Award-winning songwriter Beth Whitney shares deep wisdom and quiet strength in her music. Growing out of her immersion in the wilderness where there can be no distractions, Whitney digs deep to uncover the roots of grief and love that connect us to nature and to one another. Her new album Into the Ground grows out the ground where Beth Whitney has dwelt for so long, her music, and her family.
The Washington native grew up in a family that sang together on road trips, she didn’t start playing guitar or writing songs until she was in high school. A compound fracture on her right hand ended her pitching days on her high school softball team. One day, Leroy, a friend from church, handed her a guitar, asking “Could you use this?” Whitney wrote her first song as a project for her sophomore English class. “I had pretty much waited until the last minute to finish the project,” she laughs. Since she had been writing poetry since middle school, she decided to write a song about “looking around you and seeing people you would not ordinarily see.”
Beth Whitney honors the gifts she’s been given, whether they’re musical instruments such as the guitar Leroy gave her—“I have been given quite a few musical instruments, and they all came along at a time when I could use a new direction”—or a song. In her songwriting, Whitney “honors the original song seed—whether it be an idea, a hook, a line. I used to wander around and then sit down and craft it out, but these days, with two children, I feel like I write most of my songs in the car. I learned from Julia Cameron to delight and engage in the time I have to write my songs.”
Whitney released her first album, Leave Your Shoes, in 2007, which garnered heavy airplay in the Seattle area. In 2008, she and Aaron Fishburn, whom she’d known all her life, got married. She released Yellow in 2010 Ukulele in 2012, both of which won songwriting awards and were put into heavy rotation by a local AAA station in the Seattle area. In 2013, after the birth of their son, Beth partnered with a neighbor and fellow artist, Bradford Loomis, to write and record a self-titled album, The Banner Days (2014) and Hand Me A Hymnal (2015.) The collaboration garnered critical acclaim while they toured extensively across the nation including a performance at the Lincoln Center in New York, and reached over 2 million streams on Spotify for their co-write, “My Beloved.”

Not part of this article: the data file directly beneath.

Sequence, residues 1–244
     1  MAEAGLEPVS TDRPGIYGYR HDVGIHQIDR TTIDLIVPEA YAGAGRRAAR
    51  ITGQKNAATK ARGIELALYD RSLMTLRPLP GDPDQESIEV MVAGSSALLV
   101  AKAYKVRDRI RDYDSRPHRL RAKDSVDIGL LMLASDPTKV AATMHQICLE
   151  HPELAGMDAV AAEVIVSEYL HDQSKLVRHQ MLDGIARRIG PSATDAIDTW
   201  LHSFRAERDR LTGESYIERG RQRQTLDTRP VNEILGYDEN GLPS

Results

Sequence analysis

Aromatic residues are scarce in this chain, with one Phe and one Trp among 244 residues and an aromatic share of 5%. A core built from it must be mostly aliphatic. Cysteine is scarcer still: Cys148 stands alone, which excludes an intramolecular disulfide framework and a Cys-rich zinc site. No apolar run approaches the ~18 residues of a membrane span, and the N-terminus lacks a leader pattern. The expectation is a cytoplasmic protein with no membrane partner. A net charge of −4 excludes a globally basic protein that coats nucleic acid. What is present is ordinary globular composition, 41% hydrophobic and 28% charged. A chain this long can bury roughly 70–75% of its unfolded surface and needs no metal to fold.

Beth and Aaron had their second child in 2017, and a few happy but sleepless months later, released The Wild Unrest. Though Beth and Aaron decided to forgo touring and only perform regionally with the new baby in tow, the album was released at The Triple Door in Seattle, earned placements on network tv shows, and earned a featured performance of “Raven” with the Wenatchee Valley Symphony.
Beth Whitney’s warm, vibrant vocals envelop us, resonating with a shimmering depth as they dig into our souls in search of the mysteries that shape our connections to the world around us and to each other. The Washington native dwells in her songs, exploring every note and phrase, turning them inside out, pulling us into her own journey as an intimate partner, sharing in her joys, her grief, her wonder, her gratitude. Sometimes her songs soar with a hymn-like spaciousness that swirls and spirals upward and transports us in flights of wonder; sometimes her songs echo with a rhythmic cadence that digs into the messiness of our daily lives, going to ground in search of the deep-rooted love that helps us grow. Whitney’s orchestral folk echoes the intricacies and warmth of choral music, as well as the soulful, tender, and fiery vocals of Sara Watkins, Courtney Marie Andrews, and Alison Krauss.